I'm a graduate student in physics. When meeting new people (mutual acquaintances, workout groups, meeting random people while out and about), eventually the question is often asked: what do you do? I typically tell people that I am a graduate student and if they ask for more specifics I either tell them I work in "physics", "experimental physics" or "atomic physics" or some combination.

Sometimes people respond with things like:

  • You must be really smart, that stuff is way over my head!
  • Wow, I could never understand that!
  • Physics? I hated that class when I took in school!

Unfortunately I sort of have a hard time responding to these responses and I feel like I end up a little awkward and floundering.

The first two are clearly compliments and I think I just need general advice for receiving the compliment and then moving on.

The first one is a little more of a compliment and I usually end up saying something like: "Thank you, I really enjoy it so it's not as hard for me to spend a lot of time learning about it"

The second one I respond with something similar like: "That's ok, I just happen to really like physics so I spend a lot of time trying to understand it!" This is always sort of a non-sequiter though and I feel myself wanting to scramble for a change of subject

The third one feels the trickiest. I know they don't mean me any malice and they're just trying to connect with me the only way they know how when it comes to my field of work! I don't take any offence. I find myself wishing I could respond in some sort of joking way to laugh the subject off or something. I respond a little similarly to the other cases: "Yeah, a lot of people don't like math/physics but I really enjoy and hey, everyone likes different things!" Maybe this last one would be spiced up by asking something like "what did you like better in school?"

I would appreciate any advice for how I can respond to peoples responses to when I tell them that I am a graduate student in physics. I don't want to come off as awkward and I do want to connect to the person, and also perhaps probe is there is some way of turning their responses towards a more personal connection for us. I also don't want them to feel like there is a wall or something between us because I study something they perceive as really impenetrable and difficult.

edit: Thank you for the suggestions so far! In response to the comment requesting what my goals are with my response:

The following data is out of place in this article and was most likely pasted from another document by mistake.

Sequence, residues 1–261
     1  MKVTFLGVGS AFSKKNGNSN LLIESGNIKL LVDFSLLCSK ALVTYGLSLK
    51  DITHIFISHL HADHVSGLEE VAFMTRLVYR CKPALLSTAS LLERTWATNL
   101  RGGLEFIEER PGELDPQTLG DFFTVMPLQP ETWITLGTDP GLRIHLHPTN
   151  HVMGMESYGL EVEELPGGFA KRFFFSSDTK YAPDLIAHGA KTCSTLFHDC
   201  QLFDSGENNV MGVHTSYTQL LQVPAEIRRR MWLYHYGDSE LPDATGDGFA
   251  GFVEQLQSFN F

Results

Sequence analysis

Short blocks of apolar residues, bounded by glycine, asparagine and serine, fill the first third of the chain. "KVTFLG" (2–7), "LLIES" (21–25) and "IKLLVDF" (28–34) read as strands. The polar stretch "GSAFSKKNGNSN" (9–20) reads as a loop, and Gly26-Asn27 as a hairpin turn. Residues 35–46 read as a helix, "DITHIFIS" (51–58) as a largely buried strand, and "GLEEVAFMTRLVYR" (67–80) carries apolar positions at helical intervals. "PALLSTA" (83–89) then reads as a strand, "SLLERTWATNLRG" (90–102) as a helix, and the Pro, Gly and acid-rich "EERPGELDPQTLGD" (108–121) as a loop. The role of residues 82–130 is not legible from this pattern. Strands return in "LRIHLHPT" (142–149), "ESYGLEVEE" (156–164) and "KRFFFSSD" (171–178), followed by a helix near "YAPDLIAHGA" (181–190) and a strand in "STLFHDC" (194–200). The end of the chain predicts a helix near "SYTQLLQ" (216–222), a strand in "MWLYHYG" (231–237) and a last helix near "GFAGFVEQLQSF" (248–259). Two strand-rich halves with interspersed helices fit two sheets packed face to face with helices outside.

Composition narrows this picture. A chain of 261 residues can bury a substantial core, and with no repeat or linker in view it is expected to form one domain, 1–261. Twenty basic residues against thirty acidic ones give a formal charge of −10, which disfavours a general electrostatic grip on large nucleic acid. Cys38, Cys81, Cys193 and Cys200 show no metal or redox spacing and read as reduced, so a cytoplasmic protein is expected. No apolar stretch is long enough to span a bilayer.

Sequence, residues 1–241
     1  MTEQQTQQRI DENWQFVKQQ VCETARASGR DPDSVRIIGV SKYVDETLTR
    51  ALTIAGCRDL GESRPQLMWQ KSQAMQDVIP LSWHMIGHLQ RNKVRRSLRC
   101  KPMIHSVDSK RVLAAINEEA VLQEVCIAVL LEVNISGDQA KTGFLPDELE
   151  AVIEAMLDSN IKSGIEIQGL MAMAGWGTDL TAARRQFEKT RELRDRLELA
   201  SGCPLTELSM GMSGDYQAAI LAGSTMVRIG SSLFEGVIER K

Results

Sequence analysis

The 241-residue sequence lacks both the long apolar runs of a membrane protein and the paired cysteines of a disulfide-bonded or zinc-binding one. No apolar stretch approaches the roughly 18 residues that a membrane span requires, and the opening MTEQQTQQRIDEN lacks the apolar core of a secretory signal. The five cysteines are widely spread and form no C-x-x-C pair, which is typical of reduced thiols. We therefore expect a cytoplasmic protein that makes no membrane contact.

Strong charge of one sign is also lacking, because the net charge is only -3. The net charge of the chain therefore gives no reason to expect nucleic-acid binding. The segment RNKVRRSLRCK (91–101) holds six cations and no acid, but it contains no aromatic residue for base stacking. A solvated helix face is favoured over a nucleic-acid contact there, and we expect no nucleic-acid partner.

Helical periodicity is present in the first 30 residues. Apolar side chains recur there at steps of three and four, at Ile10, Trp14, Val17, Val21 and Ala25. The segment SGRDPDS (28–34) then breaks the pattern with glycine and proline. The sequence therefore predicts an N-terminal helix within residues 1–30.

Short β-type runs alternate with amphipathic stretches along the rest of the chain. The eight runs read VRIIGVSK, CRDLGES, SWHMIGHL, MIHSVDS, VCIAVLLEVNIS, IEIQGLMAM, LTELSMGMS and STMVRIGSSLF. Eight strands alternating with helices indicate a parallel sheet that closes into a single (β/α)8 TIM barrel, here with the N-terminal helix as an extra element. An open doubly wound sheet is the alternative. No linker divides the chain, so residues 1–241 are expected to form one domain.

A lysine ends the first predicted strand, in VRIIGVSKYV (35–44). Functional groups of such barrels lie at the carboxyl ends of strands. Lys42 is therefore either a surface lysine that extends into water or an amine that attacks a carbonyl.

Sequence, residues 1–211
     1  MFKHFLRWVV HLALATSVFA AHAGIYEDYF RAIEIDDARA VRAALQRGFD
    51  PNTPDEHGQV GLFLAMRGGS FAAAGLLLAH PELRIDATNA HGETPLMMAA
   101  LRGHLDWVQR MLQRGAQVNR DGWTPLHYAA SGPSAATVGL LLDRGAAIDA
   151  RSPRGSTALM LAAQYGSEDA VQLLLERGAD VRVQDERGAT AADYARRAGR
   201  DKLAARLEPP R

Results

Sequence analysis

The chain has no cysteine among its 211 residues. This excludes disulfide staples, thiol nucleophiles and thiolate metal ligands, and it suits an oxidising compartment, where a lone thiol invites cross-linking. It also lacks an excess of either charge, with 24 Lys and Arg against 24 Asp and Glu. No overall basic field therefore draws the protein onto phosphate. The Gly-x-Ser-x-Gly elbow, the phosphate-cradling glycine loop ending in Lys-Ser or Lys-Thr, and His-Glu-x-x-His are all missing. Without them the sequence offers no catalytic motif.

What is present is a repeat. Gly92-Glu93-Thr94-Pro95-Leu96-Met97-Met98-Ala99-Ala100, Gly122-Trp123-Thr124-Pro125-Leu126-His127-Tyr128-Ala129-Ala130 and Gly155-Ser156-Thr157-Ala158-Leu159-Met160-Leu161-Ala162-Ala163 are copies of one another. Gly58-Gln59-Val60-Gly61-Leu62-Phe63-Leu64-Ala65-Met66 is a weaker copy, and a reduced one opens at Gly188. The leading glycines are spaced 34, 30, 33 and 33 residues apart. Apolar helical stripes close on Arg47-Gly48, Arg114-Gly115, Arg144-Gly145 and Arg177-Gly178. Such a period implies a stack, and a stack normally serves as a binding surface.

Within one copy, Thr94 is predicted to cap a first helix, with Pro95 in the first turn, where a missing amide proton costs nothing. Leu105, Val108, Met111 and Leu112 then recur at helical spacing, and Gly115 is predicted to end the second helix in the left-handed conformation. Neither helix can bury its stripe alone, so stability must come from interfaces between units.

• I think first and foremost I want to come off as personable. I think the reason these responses bother me is that there is an implication that I must not be approachable since I work in physics and I want to exude the opposite of this.
  • I want to show that I don't think any less of them for not having a good personal relationship with physics
  • If their comment is complimentary I want to accept the compliment in a way that isn't arrogant or overly modest and doesn't halt the conversation.
  • I want to show that I am interested in them as well. I guess either I'd be happy to chat with them in more depth about physics if their interested or change the subject to find out what they are more interested in if not physics.
  • 2
    Hey, welcome to IPS. What is your goal here? What do you want to accomplish with your response in these situations?
    – Mithical
    May 25 '20 at 7:47
  • 1
    Do you have a way of explaining what you’re working on specifically to a layman? For example, I’m a software developer, but not everybody exactly grasps what that entails, so I explain the company I work for and what I’m working on as “I make the website where their customers can ...”.
    – AsheraH
    May 25 '20 at 9:10

I am an outlier in most "small talk" groups, even within my industry. I have a PhD in engineering, I've run a consulting company for decades that has supported multiple families, I fly the world to do keynotes at conferences, and so on. When people ask things like "where did you go to university?" or "what is your degree in?" or "where do you work?" they are usually surprised. If I'm in my village and talking to a neighbor, I don't bring these things up, but people often ask and then react when they get my (normal to me) answer. Most people are surprised in a good way, ask questions, and want to know more.

The kinds of responses you've listed in your question are different. They generally mean "I don't want to talk about that in detail!" This took me a while to learn. Compare them to "wow, interesting, I never could understand that, I'm impressed by people who can." That's a person who might want to hear some more about your subject. So is "really? what's that like? I can't imagine doing that!"

Imagine you asked someone what they did yesterday and they said they watched a popular sporting event that you really do not enjoy at all. You might well say something just like you've listed: that you never saw the appeal, don't follow it, even hate it. If the person then launched into a 15 minute explanation of why the sport is great and how easy it is to understand, you would not be enjoying the conversation, would you?